Michael Matthews (Orica-GreenEdge) claimed the final stage of the 2013 Vuelta a Espana in a head to head sprint with American Tyler Farrar (Garmin-Sharp). The Australian sprinter grabbed his second stage win of the race while Chris Horner (RadioShack) secured the overall title with Vicenzo Nibali second and Alejendro Valverde third.
“I’ve been a professional for almost 20 years so this represents a lifetime of hard work. A Grand Tour is always a goal for a cyclist to show how good a rider you are. The memories will last forever and the riders I came with were amazing and my team has been fantastic," Horner said.
"My family is home watching. My daughters are 16 and 14, and my son is 11 so they are old enough to appreciate this. Many riders winning in their 20’s and early 30’s have small children but mine are at the age where they can appreciate what Dad is doing. When I get back, it will be quite the topic at home.”
After the customary photo calls at the front of the peloton, racing began once the peloton hit the final circuits through the Spanish capital.
Javier Aramendia (Caja Rura)l was the first rider to break the momentary peace in the peloton. The Spaniard launched his move on the finish circuit and was soon joined by Alessandro Vanotti (Astana) with 31km to go. The two-man break established a lead of 40 seconds.
With two laps remaining, the peloton was chasing in earnest, Garmin and Lampre leading the pack at 17 seconds in arrears. Cannondale soon assumed pace duties and even with Aramendia's last ditch efforts, the leading pair were closed down with 5km remaining.
Sky led the peloton with 3km to go with NetApp, Garmin and Orica all fighting for position. A late attack from NetApp threatened to spoil the sprinters’ fun but it was Lampre who brought the move back.
However with so many weary legs, the lead-out trains began to fracture. Sky disappeared from the front, while Orica and Argos positioned their thinned out recruits on the front. Farrar, appearing isolated, was forced to sprint early, and when Matthews responded in kind, the American – still without a contract for next year – was unable to respond.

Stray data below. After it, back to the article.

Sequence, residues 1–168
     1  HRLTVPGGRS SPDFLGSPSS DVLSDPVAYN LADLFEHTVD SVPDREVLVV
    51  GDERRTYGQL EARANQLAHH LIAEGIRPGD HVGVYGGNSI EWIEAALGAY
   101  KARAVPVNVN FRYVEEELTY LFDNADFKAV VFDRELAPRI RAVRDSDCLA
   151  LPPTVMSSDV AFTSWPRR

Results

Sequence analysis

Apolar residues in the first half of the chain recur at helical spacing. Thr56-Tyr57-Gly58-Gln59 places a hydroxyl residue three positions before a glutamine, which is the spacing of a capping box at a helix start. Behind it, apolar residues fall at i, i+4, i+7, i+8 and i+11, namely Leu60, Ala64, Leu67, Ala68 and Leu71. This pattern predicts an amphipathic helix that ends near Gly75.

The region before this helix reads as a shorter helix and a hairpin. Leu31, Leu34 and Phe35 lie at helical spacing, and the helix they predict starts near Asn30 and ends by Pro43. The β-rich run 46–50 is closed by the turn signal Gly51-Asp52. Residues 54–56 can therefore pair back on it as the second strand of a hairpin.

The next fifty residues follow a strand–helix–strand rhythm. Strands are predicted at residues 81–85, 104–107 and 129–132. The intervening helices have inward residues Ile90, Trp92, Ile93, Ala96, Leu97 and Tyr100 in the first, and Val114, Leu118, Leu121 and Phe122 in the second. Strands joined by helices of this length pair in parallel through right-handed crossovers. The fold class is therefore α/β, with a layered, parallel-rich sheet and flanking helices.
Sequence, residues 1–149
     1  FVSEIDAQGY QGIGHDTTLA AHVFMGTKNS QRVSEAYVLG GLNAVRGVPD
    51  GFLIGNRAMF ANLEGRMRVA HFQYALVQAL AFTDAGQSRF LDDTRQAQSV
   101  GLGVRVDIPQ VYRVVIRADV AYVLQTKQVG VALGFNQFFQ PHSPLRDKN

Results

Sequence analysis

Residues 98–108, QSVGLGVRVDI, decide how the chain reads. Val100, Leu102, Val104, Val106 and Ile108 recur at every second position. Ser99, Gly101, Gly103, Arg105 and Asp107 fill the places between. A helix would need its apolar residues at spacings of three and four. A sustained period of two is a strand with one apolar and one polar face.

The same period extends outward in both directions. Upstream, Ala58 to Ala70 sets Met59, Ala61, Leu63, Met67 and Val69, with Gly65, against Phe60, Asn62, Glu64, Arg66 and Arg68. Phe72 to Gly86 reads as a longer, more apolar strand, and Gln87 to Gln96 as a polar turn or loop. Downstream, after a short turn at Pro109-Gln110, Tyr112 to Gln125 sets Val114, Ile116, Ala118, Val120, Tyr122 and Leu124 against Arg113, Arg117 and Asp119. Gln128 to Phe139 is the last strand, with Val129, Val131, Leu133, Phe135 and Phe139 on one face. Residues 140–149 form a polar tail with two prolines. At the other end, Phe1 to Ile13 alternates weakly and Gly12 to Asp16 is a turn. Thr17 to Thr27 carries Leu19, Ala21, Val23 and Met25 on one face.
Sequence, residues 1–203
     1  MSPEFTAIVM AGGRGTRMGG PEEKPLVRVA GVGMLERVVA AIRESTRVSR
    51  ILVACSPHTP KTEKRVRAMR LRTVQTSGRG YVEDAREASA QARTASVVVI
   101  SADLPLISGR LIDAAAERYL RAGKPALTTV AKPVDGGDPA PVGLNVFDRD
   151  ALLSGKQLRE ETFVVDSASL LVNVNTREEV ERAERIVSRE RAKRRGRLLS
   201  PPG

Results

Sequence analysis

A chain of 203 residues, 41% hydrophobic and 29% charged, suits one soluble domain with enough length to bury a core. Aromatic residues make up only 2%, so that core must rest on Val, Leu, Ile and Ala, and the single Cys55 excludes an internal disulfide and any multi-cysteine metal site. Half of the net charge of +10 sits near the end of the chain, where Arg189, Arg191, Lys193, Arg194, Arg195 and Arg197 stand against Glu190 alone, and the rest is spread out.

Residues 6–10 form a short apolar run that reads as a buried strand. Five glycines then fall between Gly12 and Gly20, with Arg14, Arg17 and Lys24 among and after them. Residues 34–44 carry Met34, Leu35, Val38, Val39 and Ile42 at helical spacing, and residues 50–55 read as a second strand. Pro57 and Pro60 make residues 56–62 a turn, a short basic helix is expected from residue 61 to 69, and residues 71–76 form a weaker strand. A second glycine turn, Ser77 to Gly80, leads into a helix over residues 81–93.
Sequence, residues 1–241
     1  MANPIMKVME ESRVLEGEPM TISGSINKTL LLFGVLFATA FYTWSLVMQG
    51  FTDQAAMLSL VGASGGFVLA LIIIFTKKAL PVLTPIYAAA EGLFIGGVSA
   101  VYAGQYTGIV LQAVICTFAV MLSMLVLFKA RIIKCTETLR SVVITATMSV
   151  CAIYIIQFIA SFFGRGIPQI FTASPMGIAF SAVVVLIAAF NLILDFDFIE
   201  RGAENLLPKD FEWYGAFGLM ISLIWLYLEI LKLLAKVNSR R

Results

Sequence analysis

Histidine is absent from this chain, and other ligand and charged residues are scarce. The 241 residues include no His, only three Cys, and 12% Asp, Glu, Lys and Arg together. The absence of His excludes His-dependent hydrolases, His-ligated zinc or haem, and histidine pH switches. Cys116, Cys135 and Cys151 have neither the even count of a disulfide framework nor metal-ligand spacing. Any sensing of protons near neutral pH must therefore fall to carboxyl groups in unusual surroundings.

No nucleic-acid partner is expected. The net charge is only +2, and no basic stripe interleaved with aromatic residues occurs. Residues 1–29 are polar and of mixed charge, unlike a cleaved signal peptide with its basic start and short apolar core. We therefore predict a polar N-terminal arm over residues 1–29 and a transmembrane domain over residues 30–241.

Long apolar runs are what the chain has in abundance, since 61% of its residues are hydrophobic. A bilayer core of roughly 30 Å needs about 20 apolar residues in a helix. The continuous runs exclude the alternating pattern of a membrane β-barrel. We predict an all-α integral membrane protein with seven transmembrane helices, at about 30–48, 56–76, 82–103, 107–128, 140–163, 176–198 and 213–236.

Horner: America's last man standing
Horner came into the Vuelta on the back of some recent form racing in the US. However, having sustained a knee injury that had kept him out of the Tour de France, few expected him to realistically challenge for the overall. Nibali looked to have refocused in the nick of time, while Rodriguez and Valverde were expected to mount a domestic challenge.
However, it was Horner who landed the first blow, wining on stage 3 to Mirador de Lobeira and reversing a chunk of time he had conceded in the opening team time trial. The briefest of time gaps on the following stage saw Nibali re-take the leader’s jersey and even when Horner distanced Nibali on the Alto Peñas Blancas, the Italian remained the favourite. Surely a 41-year-old with a trick knee couldn’t unsettle Italy’s leading GC rider? And when Horner lost 11 seconds to his main rival on the follow stage it looked as though a week’s racing had levelled the situation and that Horner’s gusto would be blow away in the Spanish Sierra Nevada.
However, ahead of the rest-day Horner struck back, soloing clear to pick up his second stage win and the race lead once more. Come the end of the individual time trial Nibali had wrestled the race lead from the veteran American rider but 33 seconds, and with almost half the race left to cover, meant that time bonuses would continue to play their part. Valverde and Rodriguez hovered like vultures, waiting for the leading pair to make a fatal mistake but it was the hometown heroes who lost precious seconds on a dramatic stage to 14 Collada de la Gallina.
In stage 16 from Graus to Aramón Formigal, Horner began the second phase of his assault on Nibali’s lead. The Italian surprisingly collapsed inside the final 3km of the stage, leaving all of his rivals to claw back vital seconds.
But Aramón Formigal became the blue-print for the remainder of Nibali’s overall challenge. Miraculously, Horner simply wasn’t tiring, and the 41-year-old was a constant threat to Astana’s slender grip on the race. In hindsight the writing was on the wall on stage 18 to Peña Cabarga as Horner danced up the road on the 20 percent ramps of the climb to leave Nibali with little option but to ride at his own pace. Out of the saddle – as he has been for much of this year’s race – Horner was simply unstoppable. By the end of the stage, the rider who had ridden as a domestique for much of his 30s, had reduced Nibali’s lead to three seconds, while Rodriguez and Valverde lacked the punch they’d demonstrated at the Tour and were racing for third.
When Rodriguez rescued his outing with a stage win to Alto del Naranco, Horner assumed the race lead. Nibali once again had looked unsettled and when the American launched himself after Rodriguez, Nibali could only limit his loses.
And so the race headed towards the legendary slopes of the Angliru. Horner's marginal lead could have proved worthless if he had a bad day and even Rodriguez could have hoped for a opportunistic turn around in fortunes. The Angliru has cracked many of the best cyclists in the world and dashed their overall hopes on its back-breaking slopes. And when Nibali slipped clear with just under 8km to go, it looked as though his racing acumen could still deliver an unlikely win. However, while Nibali’s courage and willingness were still in form, his legs were not. Horner dragged himself up to the Italian’s wheel with each acceleration and when Horner began to wind up the pace inside the final 3km, it was clear Nibali had been forced to concede any chance of winning.